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Simple Past Tenses in Spanish Language: “Pretérito Indefinido” and “Pretérito Imperfecto”

Cursos de español españa cursos de español bilbao pretérito indefinido pretérito imperfecto

Two of the most common verb tenses to refer to the past in Spanish (though not the only ones) is the Past Perfect Simple and the Imperfect Past. Both serve the same purpose to recount past actions, with little connection to the present:

The Present Perfect Simple, often featuring irregular forms (“yo fui”,” tú hiciste”…) is often preferred for specific actions, the inchoate and perfective aspect of the verb, events or actions completed in the past, sometimes with durative aspect, unrelated to the current situation.

The Imperfect also refers to the past (“nosotros teníamos”, “vosotros escuchabais” …) but often highlights the continuative aspect of the verb, without regard to its completion. The actions described in this tense extend over a certain period of time.

Let’s take a simple example with two distinct meanings:

  • “No conocía a nadie en la fiesta”, (Pretérito Imperfecto) means I couldn´t find any acquientances at the party
  • “No conocí a nadie en la fiesta”, (Pretérito Perfecto Simple) means I didn´t actually make any acquientances at all there.

The difference is not always so marked:

  •  “No hice nada malo,” points to a particular point in the past, with no connection to the present. The interest is in the result.
  • “No hacía nada malo,” displays the continuative aspect of the verb, which may well extend up to the present. The interest is the process rather than the result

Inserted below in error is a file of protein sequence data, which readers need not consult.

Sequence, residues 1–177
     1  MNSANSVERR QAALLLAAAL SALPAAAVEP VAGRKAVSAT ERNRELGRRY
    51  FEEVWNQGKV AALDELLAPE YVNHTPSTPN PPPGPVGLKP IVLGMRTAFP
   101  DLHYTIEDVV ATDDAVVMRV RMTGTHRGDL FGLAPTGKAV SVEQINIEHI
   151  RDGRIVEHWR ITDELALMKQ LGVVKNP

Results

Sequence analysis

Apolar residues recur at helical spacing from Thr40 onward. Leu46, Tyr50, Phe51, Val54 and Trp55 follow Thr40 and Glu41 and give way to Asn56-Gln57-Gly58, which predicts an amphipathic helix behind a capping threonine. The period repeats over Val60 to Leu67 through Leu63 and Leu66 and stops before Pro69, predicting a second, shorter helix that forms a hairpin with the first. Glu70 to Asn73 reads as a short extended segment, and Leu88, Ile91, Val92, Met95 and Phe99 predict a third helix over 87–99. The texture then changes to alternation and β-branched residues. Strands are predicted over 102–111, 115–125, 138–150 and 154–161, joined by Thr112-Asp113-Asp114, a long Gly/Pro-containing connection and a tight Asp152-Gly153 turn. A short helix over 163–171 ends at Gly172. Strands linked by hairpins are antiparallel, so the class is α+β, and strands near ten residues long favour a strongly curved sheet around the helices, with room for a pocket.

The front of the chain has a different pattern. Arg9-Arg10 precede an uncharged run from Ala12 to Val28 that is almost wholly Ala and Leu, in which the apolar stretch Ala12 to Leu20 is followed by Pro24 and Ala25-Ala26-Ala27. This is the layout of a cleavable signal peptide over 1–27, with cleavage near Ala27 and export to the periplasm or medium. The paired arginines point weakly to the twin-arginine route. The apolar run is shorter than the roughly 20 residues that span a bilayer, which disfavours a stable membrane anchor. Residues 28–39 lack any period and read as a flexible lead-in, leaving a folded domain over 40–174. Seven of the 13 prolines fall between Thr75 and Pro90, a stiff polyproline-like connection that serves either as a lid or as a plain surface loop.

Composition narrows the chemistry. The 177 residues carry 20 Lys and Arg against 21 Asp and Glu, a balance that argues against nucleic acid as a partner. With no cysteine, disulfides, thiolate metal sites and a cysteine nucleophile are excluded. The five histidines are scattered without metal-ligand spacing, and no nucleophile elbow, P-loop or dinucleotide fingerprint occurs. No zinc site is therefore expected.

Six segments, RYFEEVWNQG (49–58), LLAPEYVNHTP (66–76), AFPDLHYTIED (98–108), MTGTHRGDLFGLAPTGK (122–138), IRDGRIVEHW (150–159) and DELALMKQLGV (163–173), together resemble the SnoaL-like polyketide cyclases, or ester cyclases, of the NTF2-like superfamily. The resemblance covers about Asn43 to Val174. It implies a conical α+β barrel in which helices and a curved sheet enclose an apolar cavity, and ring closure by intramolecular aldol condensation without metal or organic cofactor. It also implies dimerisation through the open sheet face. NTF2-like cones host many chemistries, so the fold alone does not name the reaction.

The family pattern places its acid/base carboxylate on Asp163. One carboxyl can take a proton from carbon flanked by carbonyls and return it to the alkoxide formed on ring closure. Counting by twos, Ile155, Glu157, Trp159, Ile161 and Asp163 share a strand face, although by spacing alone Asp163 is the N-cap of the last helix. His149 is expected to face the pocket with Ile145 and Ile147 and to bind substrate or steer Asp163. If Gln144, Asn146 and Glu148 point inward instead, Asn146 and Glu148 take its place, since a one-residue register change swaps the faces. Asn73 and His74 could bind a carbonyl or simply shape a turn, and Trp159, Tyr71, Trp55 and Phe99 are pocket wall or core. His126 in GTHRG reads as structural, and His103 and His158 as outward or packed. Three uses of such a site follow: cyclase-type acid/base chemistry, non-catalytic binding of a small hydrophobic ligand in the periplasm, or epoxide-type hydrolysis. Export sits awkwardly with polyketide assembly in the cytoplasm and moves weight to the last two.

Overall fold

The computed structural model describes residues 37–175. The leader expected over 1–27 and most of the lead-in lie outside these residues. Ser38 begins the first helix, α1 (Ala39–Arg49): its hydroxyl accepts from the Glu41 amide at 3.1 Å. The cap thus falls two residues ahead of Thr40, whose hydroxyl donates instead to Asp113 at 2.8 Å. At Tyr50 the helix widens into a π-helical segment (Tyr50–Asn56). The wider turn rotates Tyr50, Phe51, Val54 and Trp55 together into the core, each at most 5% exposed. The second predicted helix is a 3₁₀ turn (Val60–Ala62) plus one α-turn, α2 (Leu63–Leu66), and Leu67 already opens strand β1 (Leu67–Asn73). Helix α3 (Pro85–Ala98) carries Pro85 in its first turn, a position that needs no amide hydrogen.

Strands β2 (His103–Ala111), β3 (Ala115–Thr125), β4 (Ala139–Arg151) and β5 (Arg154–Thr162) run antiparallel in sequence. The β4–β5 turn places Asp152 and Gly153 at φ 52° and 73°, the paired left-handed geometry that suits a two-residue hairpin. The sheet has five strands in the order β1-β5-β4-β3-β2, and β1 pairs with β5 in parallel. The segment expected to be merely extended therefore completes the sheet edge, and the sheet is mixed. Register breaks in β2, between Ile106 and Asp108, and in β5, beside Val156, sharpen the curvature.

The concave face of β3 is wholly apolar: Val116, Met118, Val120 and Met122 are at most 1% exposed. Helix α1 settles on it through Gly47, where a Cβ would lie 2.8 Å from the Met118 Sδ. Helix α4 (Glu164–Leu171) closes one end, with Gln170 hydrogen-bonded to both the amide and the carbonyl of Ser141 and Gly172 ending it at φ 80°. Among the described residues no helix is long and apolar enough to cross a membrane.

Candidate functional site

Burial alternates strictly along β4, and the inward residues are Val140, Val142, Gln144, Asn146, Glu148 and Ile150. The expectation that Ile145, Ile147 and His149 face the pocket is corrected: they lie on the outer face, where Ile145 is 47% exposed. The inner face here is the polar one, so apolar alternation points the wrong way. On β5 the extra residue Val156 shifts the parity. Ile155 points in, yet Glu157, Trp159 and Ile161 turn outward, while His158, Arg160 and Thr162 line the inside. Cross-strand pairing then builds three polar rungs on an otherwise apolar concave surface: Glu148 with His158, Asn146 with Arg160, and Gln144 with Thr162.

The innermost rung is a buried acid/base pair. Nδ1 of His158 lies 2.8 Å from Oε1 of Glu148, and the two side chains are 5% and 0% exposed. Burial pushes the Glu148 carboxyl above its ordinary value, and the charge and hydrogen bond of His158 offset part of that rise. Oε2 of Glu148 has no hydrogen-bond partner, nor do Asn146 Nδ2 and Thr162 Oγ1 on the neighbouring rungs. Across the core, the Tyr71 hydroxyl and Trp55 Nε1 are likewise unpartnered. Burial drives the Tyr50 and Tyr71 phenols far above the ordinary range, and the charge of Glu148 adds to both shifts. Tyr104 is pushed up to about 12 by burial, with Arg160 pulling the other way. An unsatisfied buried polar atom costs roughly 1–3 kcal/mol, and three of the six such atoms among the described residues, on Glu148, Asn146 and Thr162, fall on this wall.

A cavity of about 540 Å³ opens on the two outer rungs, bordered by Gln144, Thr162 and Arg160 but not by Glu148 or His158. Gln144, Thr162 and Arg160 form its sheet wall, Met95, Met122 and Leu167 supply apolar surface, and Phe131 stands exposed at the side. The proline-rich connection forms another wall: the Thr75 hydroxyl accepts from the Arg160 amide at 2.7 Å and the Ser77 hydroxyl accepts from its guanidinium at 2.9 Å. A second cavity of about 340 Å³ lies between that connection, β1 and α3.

The rules of use of these tenses are very consistent throughout the Spanish-speaking community, and although there are very specific, even subjective, uses, the best thing to do is pay attention to the time markers which often collocate with either tense.

With Present Perfect Simple: “ayer”, “anoche”, “el año pasado”, “hace mucho”…

With Imperfect: “(casi) siempre”, “normalmente”, “cuando era pequeño/-a”, “a veces”…

When we tell stories, we often combine both tenses, reserving the Past Perfect Simple to report the event itself and the Imperfect to describe the circumstances surrounding. The trend in journalistic language is to use the Pretérito Perfecto Compuesto instead of the Pretérito Perfecto Simple, thus taking us closer to the news, highlighting its impact on the present.

  • “El accidente ocurrió cuando se dirigía de vuelta a casa.” (“The accident happened on his way back home.”)
  • “El accidente se ha producido mientras conducía de vuelta a casa.” (“The accident occurred while driving back home.”)

 

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